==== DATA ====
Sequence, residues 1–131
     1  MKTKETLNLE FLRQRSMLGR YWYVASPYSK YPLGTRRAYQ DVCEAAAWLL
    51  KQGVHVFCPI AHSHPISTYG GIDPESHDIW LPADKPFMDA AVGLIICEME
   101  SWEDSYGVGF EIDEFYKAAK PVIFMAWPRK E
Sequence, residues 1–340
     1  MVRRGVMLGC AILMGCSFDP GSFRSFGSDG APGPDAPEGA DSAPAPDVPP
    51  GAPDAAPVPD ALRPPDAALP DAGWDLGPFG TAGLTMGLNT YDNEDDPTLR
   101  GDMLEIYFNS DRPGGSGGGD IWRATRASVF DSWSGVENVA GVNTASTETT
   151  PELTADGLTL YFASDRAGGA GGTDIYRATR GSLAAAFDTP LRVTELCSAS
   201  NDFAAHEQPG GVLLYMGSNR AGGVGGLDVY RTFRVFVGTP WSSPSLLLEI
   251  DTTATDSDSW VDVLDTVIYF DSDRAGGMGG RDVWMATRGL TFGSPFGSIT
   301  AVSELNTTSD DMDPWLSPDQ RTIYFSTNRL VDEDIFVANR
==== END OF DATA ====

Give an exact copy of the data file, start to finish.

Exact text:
Sequence, residues 1–131
     1  MKTKETLNLE FLRQRSMLGR YWYVASPYSK YPLGTRRAYQ DVCEAAAWLL
    51  KQGVHVFCPI AHSHPISTYG GIDPESHDIW LPADKPFMDA AVGLIICEME
   101  SWEDSYGVGF EIDEFYKAAK PVIFMAWPRK E
Sequence, residues 1–340
     1  MVRRGVMLGC AILMGCSFDP GSFRSFGSDG APGPDAPEGA DSAPAPDVPP
    51  GAPDAAPVPD ALRPPDAALP DAGWDLGPFG TAGLTMGLNT YDNEDDPTLR
   101  GDMLEIYFNS DRPGGSGGGD IWRATRASVF DSWSGVENVA GVNTASTETT
   151  PELTADGLTL YFASDRAGGA GGTDIYRATR GSLAAAFDTP LRVTELCSAS
   201  NDFAAHEQPG GVLLYMGSNR AGGVGGLDVY RTFRVFVGTP WSSPSLLLEI
   251  DTTATDSDSW VDVLDTVIYF DSDRAGGMGG RDVWMATRGL TFGSPFGSIT
   301  AVSELNTTSD DMDPWLSPDQ RTIYFSTNRL VDEDIFVANR